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Standard literature for Sonar Signal Processing

Started by Sebastian Doht August 22, 2009
Hello,

I am one of the more passive users of the group. Because of that I know 
some people here worked in the sonar field. I want to know what standard 
textbooks are there that someone should have taken a look at who works 
in that field?
( I have some experience in radar and lidar data processing so I am not 
  looking for some basic filter theory stuff but my background in 
acoustics is quite limited, since my studies were mostly focused on 
radio based measurement and communication systems)

Greetz,
Sebastian
On 22 Aug, 14:53, Sebastian Doht <seb_d...@lycos.com> wrote:
> Hello, > > I am one of the more passive users of the group. Because of that I know > some people here worked in the sonar field. I want to know what standard > textbooks are there that someone should have taken a look at who works > in that field? > ( I have some experience in radar and lidar data processing so I am not > &#2013266080; looking for some basic filter theory stuff but my background in > acoustics is quite limited, since my studies were mostly focused on > radio based measurement and communication systems)
It would be easier to come up with suggestions if you stated more clearly what kind of problems you work with. Fish mapping requires a different approach than producing bathymetry maps. For state-of-the-art *operational* work (as opposed to R&D and more speculative stuff), the texts to start with are Urick: Principles of underwater sound Waite: Sonar for practicing engineers Lurton: An Introduction to Underwater Acoustics Urick is the standard reference, and is needed for that purpose alone: Just about every text refers to it. Waite talks about the technical workings of the equipment and how measurements are influenced by the environment, while Lurton extends further into applications, about doing actual measuerments, making maps, surveying the sea floor etc. For the more specialist users, books like Nielsen: Sonar Signal Processing Burdic: Underwater Acoustic System Analysis might become relevant. Be cautious whenever you see the term 'model-based signal processing' as in Candy's book. These methods are quite popular in the community these days, but suffer from the not all that insignificant shortcomming that they have never been tested in double-blind experiments. Experiments at sea are extremely difficult at the best of times, so anybody who do one will bring in as many parties as possible to maximize the outcome. So no one who get the data are truly 'blind'; they know something about the area etc. Second, getting ground truth data is all but impossible, so no one have ever been able to reject a method based on experiments, since actually getting valid measurements is all but impossible. Since no one can come up with better methods, no one can reject proposed methods as 'do not work'. Rune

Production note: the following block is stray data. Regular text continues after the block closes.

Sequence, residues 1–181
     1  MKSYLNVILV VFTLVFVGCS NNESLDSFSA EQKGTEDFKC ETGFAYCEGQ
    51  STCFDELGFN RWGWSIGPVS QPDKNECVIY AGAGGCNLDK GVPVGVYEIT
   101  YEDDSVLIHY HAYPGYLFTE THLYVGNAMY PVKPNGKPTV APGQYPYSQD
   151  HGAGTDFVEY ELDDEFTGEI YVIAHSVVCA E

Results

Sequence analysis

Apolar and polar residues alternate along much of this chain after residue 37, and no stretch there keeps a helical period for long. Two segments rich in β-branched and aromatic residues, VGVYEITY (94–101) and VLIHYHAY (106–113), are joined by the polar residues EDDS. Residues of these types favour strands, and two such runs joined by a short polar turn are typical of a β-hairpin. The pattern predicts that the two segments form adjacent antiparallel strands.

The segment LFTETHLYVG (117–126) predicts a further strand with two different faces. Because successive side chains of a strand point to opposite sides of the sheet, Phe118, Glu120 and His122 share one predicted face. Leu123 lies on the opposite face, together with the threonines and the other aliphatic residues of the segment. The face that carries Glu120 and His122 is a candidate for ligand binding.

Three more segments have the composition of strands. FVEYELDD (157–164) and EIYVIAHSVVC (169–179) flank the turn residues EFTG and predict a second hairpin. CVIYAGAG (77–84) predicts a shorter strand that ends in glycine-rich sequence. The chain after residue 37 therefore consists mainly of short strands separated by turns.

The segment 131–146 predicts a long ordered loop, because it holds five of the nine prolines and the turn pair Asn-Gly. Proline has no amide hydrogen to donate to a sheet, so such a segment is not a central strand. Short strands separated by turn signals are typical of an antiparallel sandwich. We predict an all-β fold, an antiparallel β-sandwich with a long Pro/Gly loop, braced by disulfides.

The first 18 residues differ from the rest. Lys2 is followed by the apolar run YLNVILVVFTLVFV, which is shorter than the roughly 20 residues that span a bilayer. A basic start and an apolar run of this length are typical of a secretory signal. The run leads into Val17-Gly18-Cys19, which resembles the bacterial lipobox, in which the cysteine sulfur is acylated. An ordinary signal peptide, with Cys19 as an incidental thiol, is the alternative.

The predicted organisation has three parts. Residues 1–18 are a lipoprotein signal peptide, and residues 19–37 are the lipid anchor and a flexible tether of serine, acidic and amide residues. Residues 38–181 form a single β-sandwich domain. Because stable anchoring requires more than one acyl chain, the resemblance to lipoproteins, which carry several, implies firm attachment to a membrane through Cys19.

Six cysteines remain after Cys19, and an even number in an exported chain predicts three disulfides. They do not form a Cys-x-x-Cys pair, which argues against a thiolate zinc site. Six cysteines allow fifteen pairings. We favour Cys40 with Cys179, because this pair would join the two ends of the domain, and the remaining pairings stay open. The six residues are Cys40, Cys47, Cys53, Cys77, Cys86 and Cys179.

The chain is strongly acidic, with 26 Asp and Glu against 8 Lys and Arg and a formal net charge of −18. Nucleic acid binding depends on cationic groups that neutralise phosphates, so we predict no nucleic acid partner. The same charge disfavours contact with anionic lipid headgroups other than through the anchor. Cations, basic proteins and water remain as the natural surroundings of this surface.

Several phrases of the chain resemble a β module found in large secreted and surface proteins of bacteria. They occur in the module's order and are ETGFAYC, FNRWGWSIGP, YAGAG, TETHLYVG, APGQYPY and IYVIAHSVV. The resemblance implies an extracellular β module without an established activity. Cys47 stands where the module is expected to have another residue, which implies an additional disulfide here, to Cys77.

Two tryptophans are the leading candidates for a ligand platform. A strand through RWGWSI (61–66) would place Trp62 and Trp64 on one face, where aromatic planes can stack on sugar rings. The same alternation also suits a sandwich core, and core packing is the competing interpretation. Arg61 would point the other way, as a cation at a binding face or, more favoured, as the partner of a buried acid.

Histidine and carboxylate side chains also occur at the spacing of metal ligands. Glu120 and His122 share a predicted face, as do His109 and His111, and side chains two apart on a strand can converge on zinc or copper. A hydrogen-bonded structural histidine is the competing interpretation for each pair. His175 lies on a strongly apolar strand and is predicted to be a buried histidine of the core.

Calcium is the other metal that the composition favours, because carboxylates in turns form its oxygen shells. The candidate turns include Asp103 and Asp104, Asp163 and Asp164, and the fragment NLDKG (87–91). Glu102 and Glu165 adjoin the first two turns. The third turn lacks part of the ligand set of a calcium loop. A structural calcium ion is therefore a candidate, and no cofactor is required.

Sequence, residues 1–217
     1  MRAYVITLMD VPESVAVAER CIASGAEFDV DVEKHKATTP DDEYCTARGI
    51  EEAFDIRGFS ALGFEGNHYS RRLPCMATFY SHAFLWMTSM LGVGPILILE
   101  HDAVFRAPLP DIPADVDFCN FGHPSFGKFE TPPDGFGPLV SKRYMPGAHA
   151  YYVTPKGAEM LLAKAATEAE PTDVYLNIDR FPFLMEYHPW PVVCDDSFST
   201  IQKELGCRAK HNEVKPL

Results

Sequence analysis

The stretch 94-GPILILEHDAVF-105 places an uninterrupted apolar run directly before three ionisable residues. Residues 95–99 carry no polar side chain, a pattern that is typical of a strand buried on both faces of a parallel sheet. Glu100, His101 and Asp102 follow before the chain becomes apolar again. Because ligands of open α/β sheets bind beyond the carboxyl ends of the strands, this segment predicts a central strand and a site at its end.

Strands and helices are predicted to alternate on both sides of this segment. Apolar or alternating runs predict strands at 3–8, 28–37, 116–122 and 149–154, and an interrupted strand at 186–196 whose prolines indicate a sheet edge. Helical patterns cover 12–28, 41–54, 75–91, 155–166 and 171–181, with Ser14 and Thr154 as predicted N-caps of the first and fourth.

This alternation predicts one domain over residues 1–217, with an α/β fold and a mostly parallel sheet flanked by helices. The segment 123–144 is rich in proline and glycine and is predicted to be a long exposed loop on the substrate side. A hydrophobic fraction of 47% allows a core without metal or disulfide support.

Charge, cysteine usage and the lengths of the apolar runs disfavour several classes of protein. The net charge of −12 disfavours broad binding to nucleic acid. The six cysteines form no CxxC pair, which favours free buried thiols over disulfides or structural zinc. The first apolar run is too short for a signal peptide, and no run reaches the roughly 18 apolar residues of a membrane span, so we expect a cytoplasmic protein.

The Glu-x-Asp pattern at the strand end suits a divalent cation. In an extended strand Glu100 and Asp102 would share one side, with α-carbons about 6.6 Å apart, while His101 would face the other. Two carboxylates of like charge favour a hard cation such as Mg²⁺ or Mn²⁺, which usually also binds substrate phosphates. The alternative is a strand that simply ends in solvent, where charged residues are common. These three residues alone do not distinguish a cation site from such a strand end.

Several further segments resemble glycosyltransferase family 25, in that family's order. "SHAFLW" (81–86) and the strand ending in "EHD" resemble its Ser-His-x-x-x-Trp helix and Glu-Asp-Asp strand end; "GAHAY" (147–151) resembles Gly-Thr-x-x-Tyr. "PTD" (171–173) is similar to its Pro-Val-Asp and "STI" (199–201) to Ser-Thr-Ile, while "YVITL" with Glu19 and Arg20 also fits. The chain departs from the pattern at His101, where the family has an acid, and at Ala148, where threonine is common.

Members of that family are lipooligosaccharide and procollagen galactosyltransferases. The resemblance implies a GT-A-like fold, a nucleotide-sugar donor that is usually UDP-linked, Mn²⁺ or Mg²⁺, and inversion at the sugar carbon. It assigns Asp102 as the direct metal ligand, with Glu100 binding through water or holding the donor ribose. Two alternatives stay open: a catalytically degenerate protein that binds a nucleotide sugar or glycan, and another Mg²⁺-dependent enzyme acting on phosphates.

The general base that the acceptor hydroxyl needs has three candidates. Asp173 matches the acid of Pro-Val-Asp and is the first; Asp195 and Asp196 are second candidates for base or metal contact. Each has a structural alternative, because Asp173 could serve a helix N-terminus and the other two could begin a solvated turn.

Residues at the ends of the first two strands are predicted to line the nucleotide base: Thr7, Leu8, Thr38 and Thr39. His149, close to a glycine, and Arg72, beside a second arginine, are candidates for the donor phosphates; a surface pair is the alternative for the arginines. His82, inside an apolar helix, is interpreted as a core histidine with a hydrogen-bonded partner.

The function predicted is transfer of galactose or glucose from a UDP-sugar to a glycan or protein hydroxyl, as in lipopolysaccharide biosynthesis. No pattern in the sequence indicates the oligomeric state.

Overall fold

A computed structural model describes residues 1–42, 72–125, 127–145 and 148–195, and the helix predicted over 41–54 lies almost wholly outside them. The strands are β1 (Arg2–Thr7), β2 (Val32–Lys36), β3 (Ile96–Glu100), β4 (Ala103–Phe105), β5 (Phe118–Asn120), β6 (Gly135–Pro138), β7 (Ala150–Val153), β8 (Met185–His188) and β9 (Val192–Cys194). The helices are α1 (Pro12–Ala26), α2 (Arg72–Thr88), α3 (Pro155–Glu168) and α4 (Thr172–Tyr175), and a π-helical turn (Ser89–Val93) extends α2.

Thx Rune. Since I need to know more about the acoustic transmission 
channel and the acoustic front-end your list suffices to start with.
On 22 Aug, 20:51, Sebastian Doht <seb_d...@lycos.com> wrote:
> Thx Rune. Since I need to know more about the acoustic transmission > channel and the acoustic front-end your list suffices to start with.
If you want to know about acoustics, add Jensen & al: Computational Ocean Acoustics to your list. The emphasis is on how to make numerical simulators for acoustic transmission channels, but in order to do that, one needs to understand the physics of the medium. I know of no other text that covers this as comprehensively as this book. But again, be cautious: Jensen & al cover only what can be modeled by numerics. The stuff that make the real mess during sonar surveys (dynamic and unknown oceanography, waves, anything and everything that exist in the water) is not covered. Rune